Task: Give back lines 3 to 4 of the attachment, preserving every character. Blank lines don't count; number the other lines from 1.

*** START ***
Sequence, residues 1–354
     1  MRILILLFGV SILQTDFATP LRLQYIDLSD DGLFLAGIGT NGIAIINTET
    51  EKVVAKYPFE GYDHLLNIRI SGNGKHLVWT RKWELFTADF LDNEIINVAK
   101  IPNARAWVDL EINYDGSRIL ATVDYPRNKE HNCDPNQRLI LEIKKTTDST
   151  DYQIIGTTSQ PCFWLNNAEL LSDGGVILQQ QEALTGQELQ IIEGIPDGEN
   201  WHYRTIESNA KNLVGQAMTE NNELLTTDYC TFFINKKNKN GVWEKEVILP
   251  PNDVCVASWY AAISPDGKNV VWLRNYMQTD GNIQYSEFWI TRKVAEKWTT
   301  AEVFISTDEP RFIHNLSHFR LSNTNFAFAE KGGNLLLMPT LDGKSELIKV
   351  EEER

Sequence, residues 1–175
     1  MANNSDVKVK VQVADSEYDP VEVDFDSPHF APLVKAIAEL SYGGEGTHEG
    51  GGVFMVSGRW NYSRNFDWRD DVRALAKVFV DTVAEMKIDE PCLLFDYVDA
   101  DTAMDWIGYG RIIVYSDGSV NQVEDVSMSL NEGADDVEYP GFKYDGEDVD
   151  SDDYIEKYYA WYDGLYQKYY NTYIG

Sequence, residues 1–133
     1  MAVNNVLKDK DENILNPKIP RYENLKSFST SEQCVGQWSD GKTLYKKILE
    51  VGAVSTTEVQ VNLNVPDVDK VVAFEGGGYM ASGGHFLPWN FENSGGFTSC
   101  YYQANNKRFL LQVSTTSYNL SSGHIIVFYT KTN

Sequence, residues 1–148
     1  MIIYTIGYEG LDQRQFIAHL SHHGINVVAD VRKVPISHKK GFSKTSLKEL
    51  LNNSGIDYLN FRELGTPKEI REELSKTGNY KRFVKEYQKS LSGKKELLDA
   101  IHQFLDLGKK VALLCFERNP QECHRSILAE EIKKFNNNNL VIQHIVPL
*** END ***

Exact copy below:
    51  EKVVAKYPFE GYDHLLNIRI SGNGKHLVWT RKWELFTADF LDNEIINVAK
   101  IPNARAWVDL EINYDGSRIL ATVDYPRNKE HNCDPNQRLI LEIKKTTDST